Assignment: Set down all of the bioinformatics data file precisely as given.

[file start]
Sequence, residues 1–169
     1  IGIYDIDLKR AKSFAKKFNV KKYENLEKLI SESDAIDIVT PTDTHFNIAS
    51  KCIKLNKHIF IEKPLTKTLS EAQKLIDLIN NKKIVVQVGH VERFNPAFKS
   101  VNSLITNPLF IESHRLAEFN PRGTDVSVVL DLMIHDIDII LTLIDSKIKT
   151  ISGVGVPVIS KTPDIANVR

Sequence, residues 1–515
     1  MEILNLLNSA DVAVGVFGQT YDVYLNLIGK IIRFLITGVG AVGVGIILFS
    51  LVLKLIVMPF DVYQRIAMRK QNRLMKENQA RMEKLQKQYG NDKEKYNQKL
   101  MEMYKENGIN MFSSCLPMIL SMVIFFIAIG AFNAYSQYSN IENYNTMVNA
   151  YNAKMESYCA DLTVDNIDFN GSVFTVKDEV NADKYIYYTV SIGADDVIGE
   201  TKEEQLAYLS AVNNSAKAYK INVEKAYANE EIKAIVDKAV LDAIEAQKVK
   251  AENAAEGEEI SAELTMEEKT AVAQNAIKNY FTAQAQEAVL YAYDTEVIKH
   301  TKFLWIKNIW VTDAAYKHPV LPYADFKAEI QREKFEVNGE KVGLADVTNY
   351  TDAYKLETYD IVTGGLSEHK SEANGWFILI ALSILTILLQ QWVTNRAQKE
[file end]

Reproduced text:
Sequence, residues 1–169
     1  IGIYDIDLKR AKSFAKKFNV KKYENLEKLI SESDAIDIVT PTDTHFNIAS
    51  KCIKLNKHIF IEKPLTKTLS EAQKLIDLIN NKKIVVQVGH VERFNPAFKS
   101  VNSLITNPLF IESHRLAEFN PRGTDVSVVL DLMIHDIDII LTLIDSKIKT
   151  ISGVGVPVIS KTPDIANVR

Sequence, residues 1–515
     1  MEILNLLNSA DVAVGVFGQT YDVYLNLIGK IIRFLITGVG AVGVGIILFS
    51  LVLKLIVMPF DVYQRIAMRK QNRLMKENQA RMEKLQKQYG NDKEKYNQKL
   101  MEMYKENGIN MFSSCLPMIL SMVIFFIAIG AFNAYSQYSN IENYNTMVNA
   151  YNAKMESYCA DLTVDNIDFN GSVFTVKDEV NADKYIYYTV SIGADDVIGE
   201  TKEEQLAYLS AVNNSAKAYK INVEKAYANE EIKAIVDKAV LDAIEAQKVK
   251  AENAAEGEEI SAELTMEEKT AVAQNAIKNY FTAQAQEAVL YAYDTEVIKH
   301  TKFLWIKNIW VTDAAYKHPV LPYADFKAEI QREKFEVNGE KVGLADVTNY
   351  TDAYKLETYD IVTGGLSEHK SEANGWFILI ALSILTILLQ QWVTNRAQKE